Posted on October 18, 2016, by Travis Pulver
On paper, Saturday’s game between the No. 6 Texas A&M Aggies and No. 1 Alabama Crimson Tide appears like it could be an excellent game. Both come into the game undefeated. Texas A&M generates more offense than Alabama (532.8 yards/game to 504.7 yards/game). But the Crimson Tide are better at keeping opponents out of the end zone. Their defense is giving up just 15 points/game while the Aggies are giving up 19.2 points/game.
With the stats so close, you would think that the experts would look at this game as potentially being a close one. Both have high-powered offenses and solid defenses so theoretically fans should have a good game to look forward to.
But the odds makers have made Alabama an 18-point favorite. So they are expecting this game to be a blowout.
Texas A&M fans will find the point spread disrespectful, but Alabama beat them by 18 last season and shut them out 59-0 the year before. The Aggies may have won in 2012 and lost by only seven the following year, but they were destroyed in the last two.
Of course, one of the joys of college football is that dramatic reversals of fortune are possible as teams lose players and have to replace them. So—have the Aggies made enough changes to be competitive this season or maybe even win?
Last season, Alabama didn’t pass much (Jake Coker was 19-25 for 138 yards). Could they have passed or more? Probably—but they didn’t need to because Derrick Henry ran all over the Aggies defense (32 carries for 236 yards). Texas A&M, on the other hand, couldn’t buy a running game (32 net yards) and quarterback Kyle Allen threw more touchdown passes to Alabama players (three) than he did to his own (one).
Theoretically, you could make an argument that if Kyle Allen hadn’t thrown three pick-6’s, the Aggies would have been in the game. Would it have made a difference? Who knows. Maybe Lane Kiffin would have been more aggressive; maybe he would have been satisfied with controlling the game like they did.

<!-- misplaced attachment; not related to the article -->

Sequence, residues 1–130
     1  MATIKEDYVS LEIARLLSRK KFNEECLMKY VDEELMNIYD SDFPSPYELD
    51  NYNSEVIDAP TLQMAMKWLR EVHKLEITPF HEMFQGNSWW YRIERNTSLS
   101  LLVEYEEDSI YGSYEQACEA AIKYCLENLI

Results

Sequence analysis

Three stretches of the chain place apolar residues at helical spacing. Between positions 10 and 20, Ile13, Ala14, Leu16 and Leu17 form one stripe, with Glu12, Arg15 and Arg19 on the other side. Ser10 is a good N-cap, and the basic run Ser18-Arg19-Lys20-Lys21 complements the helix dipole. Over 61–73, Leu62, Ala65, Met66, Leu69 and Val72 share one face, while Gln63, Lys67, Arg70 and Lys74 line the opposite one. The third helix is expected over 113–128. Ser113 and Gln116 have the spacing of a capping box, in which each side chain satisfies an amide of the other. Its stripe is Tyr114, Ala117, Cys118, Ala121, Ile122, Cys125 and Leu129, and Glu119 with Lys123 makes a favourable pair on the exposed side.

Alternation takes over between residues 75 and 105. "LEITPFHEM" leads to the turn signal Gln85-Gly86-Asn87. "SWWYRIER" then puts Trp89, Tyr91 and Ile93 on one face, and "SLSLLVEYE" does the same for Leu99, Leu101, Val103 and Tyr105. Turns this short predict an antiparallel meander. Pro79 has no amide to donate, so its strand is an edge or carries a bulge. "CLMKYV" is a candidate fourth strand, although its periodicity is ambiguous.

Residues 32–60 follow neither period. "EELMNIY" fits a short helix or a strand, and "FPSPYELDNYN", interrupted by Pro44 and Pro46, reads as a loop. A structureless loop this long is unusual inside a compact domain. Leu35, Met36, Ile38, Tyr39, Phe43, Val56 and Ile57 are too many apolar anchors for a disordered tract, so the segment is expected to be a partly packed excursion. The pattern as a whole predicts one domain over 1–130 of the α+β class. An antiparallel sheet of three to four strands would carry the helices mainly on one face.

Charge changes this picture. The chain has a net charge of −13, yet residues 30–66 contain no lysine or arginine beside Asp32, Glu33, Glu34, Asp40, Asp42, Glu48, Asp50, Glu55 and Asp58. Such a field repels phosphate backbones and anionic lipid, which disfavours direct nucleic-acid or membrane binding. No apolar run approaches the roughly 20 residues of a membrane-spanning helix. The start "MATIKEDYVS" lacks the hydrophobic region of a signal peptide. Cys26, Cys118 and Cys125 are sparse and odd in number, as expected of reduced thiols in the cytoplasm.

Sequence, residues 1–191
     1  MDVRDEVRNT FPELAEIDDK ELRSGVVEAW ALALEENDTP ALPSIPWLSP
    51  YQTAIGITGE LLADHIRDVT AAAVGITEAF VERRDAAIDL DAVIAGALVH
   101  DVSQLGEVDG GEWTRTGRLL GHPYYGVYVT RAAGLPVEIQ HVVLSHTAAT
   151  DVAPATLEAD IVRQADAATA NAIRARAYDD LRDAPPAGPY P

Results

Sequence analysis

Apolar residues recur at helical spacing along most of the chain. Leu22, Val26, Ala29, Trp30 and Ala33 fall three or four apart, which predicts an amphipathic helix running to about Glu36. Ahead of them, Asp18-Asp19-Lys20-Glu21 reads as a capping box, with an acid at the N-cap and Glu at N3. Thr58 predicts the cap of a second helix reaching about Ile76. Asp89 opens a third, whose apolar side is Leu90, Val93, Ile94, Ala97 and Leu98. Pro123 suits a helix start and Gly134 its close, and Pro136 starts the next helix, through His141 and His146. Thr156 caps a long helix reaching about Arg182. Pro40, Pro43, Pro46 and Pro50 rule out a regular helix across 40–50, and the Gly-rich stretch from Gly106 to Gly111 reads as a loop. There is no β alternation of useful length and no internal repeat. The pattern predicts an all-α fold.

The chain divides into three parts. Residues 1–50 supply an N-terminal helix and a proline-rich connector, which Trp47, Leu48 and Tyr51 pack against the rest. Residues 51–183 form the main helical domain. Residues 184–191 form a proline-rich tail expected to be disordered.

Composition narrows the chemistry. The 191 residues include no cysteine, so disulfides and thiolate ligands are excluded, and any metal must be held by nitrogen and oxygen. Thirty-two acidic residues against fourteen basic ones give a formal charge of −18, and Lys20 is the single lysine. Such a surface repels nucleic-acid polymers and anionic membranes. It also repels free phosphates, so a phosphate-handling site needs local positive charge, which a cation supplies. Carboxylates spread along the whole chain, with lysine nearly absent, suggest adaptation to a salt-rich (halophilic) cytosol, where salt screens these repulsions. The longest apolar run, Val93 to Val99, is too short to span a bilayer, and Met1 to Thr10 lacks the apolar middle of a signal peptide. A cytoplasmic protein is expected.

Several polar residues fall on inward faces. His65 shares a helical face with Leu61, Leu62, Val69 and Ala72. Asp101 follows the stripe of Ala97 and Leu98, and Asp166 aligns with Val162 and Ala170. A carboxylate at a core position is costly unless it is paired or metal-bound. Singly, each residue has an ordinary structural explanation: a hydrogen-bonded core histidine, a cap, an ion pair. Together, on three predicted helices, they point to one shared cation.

But that was then, and this is now.
This season, Texas A&M is one of the best running teams in the nation. With a new quarterback, Trevor Knight, and freshman running back Trayveon Williams leading the way, the Aggies are averaging 274 yards a game on the ground. Their offensive line is young, but it has performed well so far this season.
But can they do it against the best run defense in the country? Alabama has allowed just 64 yards a game this season and only two yards a carry. They are big and athletic; just as capable of overpowering you as they are at running you down. They are not known for missing too many tackles either.
As good as the A&M run game is, the Aggies are going to need to figure out how to get the Alabama defense not to crowd the line or stack the box against them. That means they are going to have to throw the ball downfield—and actually complete a few passes.
Trevor Knight is capable of throwing downfield, and he certainly has some great weapons in Josh Reynolds and Christian Kirk, but his accuracy leaves something to be desired. If they can connect on a few—which they might since Alabama does give up 210 yards passing a game—they may give the running game the room it needs to succeed.
They will certainly need it to since that will be the best way to keep the Alabama offense off the field. Yes, Texas A&M’s defense is much better than it was last year, but it is still vulnerable to big plays—which Alabama will certainly look to break on any given down.
It is not going to be easy for Texas A&M to pull off the upset, but there is hope for the Aggies. With the way Chad Kelly carved up the Alabama secondary for 421 yards and Austin Allen, a first-year starter Austin Allen gouged them for 400 there is no reason to think Knight can’t do the same. Heck, he already torched one Alabama secondary in the 2014 Sugar Bowl. What’s one more?
Should Knight get off on the right track, minimize the mistakes, the offensive line wins the battle in the trenches, and A&M scores some points, the Aggies will make a game of it.
Whatever Knight and the offense do accomplish will mean little if the defense can’t do its part and contain Jalen Hurts and Damien Harris. If Texas A&M cannot contain Alabama’s running game, the Aggies don’t stand a chance.
Texas A&M has to get off on the right foot, control the tempo of the game, and not give Alabama any help—no defensive or special teams touchdowns! If they can do that and keep from having to react to what Alabama does, they might have an outside shot at surprising the college football loving world.
They just might take down the mighty Crimson Tide.